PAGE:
Chuck Sykes – The Management Advantage Consulting

Over the years, research has provided us sound management criteria to assist land and wildlife managers in improving the deer herds around the nation.   I think TMA followers, under most circumstances, we have a pretty good idea of what we should do when it comes to buck harvest.  Managers can look at body and antler characteristics when it comes to making harvest recommendations. Even with this basic knowledge, it is still difficult to make decisions on buck harvest.  So, how do you do it on antlerless deer?

As a wildlife biologist and consultant, I discuss antlerless harvest goals for deer management every day working with clients.   Writing this article should be a piece of cake.  Then, I started working on it and quickly found out that antlerless management is so site specific that it is extremely difficult to put into words what we do on a daily basis.

There are many basic factors that a wildlife manager needs to look at when determining which doe to remove from the herd.  First, let’s take a look at the property’s carrying capacity.  If you are managing a property that contains a deer herd so antlerless deer harvestlarge that it impacting the landscape, it doesn’t really matter which doe to remove.  The main objective is to remove mouths from the property.  There is only so much food to go around.  So in this situation, just take out any antlerless deer to lower the deer numbers.

If the deer herd on a property is too low and as a manager you are trying to increase the deer numbers, then you need to look at other factors.  If I am trying to increase deer numbers and I still feel like I need to remove a few deer, I am going to select younger age does.  The way I figure, my 2 ½ and older does are going to give me twins every year since the herd is below carrying capacity and I have plenty of food.  In this case, I prefer shooting doe fawns or 1 ½ old does.  They are extremely tasty and I am not negatively impacting my deer numbers.

Let’s look at a property that has been managed properly for several years.  The deer herd is well within carrying capacity and we have plenty of food to go around.  The management goals are to improve the quality of the deer on the property.  In this case, I am going to select my older age does.  If I have been doing my job as manager, we have been selecting for better bucks. Therefore, if we are breeding better bucks with our older age does, their fawns should be superior to the parents.  With this strategy, we are keeping our numbers at a manageable level and improving the quality at the same time.

Now that we have a few basic criteria to make our management decisions, let’s take a look at a couple of situations and decide what antlerless deer we should remove.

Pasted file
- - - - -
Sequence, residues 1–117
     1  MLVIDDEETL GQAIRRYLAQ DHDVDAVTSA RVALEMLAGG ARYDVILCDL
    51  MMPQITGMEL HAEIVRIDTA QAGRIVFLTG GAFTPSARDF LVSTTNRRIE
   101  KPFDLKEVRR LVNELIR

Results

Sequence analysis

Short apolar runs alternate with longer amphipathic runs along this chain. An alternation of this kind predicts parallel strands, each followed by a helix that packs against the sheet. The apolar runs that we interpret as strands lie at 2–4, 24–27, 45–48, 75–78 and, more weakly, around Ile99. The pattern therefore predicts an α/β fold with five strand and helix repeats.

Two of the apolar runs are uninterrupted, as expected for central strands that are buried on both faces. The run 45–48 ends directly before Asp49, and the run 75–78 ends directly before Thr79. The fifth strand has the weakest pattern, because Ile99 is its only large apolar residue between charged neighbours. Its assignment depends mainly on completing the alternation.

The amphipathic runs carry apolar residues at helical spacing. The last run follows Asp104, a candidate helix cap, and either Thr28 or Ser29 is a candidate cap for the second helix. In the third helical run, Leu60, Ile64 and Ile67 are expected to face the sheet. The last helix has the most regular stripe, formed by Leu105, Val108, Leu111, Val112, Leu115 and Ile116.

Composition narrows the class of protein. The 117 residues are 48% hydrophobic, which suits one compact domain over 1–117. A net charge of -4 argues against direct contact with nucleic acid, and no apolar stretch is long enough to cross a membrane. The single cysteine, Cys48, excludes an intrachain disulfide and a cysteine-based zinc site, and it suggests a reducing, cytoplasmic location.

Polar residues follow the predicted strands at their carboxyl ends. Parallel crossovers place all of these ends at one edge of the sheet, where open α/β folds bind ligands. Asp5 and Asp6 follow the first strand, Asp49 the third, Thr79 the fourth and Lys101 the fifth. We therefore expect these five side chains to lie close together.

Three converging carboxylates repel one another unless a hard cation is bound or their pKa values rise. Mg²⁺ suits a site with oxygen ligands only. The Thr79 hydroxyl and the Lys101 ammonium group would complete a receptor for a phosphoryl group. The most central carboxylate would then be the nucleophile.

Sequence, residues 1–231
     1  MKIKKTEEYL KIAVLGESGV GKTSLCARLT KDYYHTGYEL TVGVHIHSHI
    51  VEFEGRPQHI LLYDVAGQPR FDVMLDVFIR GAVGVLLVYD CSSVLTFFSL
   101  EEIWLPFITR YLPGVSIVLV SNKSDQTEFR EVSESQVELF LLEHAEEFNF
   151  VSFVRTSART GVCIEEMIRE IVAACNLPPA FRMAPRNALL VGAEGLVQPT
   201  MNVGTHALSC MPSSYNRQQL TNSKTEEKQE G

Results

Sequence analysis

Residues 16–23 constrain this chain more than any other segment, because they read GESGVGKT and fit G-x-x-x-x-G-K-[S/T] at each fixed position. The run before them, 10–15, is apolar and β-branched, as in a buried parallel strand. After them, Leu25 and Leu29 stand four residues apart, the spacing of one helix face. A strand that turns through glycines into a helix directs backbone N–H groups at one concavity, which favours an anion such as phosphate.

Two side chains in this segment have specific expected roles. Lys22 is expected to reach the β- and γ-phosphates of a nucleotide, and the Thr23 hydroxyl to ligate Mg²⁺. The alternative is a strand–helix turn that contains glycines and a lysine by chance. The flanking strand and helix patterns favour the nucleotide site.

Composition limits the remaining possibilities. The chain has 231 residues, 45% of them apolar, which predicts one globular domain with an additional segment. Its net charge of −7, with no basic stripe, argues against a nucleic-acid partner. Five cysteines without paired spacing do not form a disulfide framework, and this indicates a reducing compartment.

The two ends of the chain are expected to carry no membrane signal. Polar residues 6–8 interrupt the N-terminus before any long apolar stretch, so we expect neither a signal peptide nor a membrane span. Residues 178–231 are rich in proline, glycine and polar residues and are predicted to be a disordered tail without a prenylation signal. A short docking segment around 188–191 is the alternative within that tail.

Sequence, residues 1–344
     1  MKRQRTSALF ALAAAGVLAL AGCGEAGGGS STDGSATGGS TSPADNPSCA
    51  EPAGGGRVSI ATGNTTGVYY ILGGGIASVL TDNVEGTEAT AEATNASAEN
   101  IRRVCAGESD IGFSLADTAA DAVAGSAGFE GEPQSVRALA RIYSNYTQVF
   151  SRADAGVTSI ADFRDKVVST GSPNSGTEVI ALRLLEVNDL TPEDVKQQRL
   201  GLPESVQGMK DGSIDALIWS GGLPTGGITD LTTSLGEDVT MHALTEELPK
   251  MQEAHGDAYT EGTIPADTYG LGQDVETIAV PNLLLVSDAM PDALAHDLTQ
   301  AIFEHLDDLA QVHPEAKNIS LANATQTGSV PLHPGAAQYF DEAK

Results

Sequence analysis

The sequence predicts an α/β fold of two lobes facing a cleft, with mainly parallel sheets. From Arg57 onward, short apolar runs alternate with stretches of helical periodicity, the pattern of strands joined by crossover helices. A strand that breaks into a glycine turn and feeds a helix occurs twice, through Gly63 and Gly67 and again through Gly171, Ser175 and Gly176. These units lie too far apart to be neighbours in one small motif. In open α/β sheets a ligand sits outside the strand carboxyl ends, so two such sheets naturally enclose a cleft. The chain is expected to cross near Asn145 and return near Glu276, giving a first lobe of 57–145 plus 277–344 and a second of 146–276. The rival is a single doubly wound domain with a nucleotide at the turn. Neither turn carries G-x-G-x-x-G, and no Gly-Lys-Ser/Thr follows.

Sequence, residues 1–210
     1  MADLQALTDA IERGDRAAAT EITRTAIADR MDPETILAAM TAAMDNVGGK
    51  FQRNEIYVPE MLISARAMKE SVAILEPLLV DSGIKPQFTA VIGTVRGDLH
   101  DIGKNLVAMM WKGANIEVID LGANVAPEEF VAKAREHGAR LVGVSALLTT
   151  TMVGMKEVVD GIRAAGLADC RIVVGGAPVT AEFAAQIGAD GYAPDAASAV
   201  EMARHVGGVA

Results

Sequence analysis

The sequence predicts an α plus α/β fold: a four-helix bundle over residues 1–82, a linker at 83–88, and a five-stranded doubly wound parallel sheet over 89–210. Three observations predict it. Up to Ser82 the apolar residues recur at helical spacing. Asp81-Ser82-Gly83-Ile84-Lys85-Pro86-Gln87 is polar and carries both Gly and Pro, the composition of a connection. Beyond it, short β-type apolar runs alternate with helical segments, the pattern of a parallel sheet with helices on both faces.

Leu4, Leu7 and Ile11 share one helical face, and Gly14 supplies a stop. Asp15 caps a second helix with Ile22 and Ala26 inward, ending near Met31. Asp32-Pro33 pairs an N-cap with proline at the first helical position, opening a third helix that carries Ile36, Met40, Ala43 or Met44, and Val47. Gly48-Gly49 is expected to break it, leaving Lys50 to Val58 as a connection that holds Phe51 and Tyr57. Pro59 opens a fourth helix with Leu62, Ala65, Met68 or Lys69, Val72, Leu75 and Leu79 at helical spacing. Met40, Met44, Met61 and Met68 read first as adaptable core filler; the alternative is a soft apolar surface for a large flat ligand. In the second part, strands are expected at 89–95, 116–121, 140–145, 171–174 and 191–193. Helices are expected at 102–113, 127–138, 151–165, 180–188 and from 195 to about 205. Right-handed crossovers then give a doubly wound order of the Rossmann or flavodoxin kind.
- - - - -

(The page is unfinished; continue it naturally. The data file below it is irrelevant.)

First scenario, we are in the Mid-West and it is mid October.  The property we are hunting has been managed properly.  The deer numbers are well within carrying capacity, food is overly abundant, and the rut that takes place in early November.   Therefore, the does are nursing fawns that were born in May and June.  While bow hunting one morning and a mature doe with twin fawns comes by.  Which one should I shoot?

As the hunt is unfolding, I am running through this question in my mind.  But, taking into account the factors I have discussed in this article and the goals of the landowner, the mature doe fell victim to an F 15 broad head.

Second scenario, we are in Alabama bow hunting on opening day, October 15th.  The property has been well managed for years just like the Mid West property.  Same as above, deer numbers are below carrying capacity and food is abundant.  One big difference, the rut takes place in mid to late January so the fawns are being born in August.

Opening afternoon we are sitting on a food plot and four deer enter the plot.  The first is a mature doe followed closely by her two fawns and her last year’s doe fawn.  What do I need to do?  Since the mature doe is nursing two fawns that are less than three months old, I don’t want to shoot her and orphan those fawns too early.  In AL, we cannot shoot a spotted fawn so, that the little doe fawn out of the equation.  What is left?  In my opinion, the perfect doe to harvest here in AL early season is the 1 ½ old doe that is still traveling with her mother and her two younger siblings.

Just as with buck harvest criteria, everything is site specific and goal specific.  Each piece of property has its own set of strengths and weaknesses that have to be taken into consideration.  Also, you have to consider the management objectives of the landowner.  As with most wildlife related questions, it is best to consult with a professional in your area before making your decision.  One thing that is certain, antlerless harvest is one of the most important aspects of deer management.

In addition to the management implications of removing antlerless deer, you also have the challenge of harvesting a mature doe.  One of the services that our consulting company offers is removing antlerless deer for our clients.  I can’t think of anything more challenging that trying to remove a mature doe in AL during late season with archery equipment.  In my opinion, a mature doe is smarter than any buck every thought of being.  At least with a mature buck, there are a couple of times of year that he lets down his guard.  She never does!  She has made it through many seasons of hunters and natural predators.  She has raised countless fawns and taught them the ways of the world.  If you think you are lowering your standards when you take a doe, think again.  In my opinion, she is the ultimate target.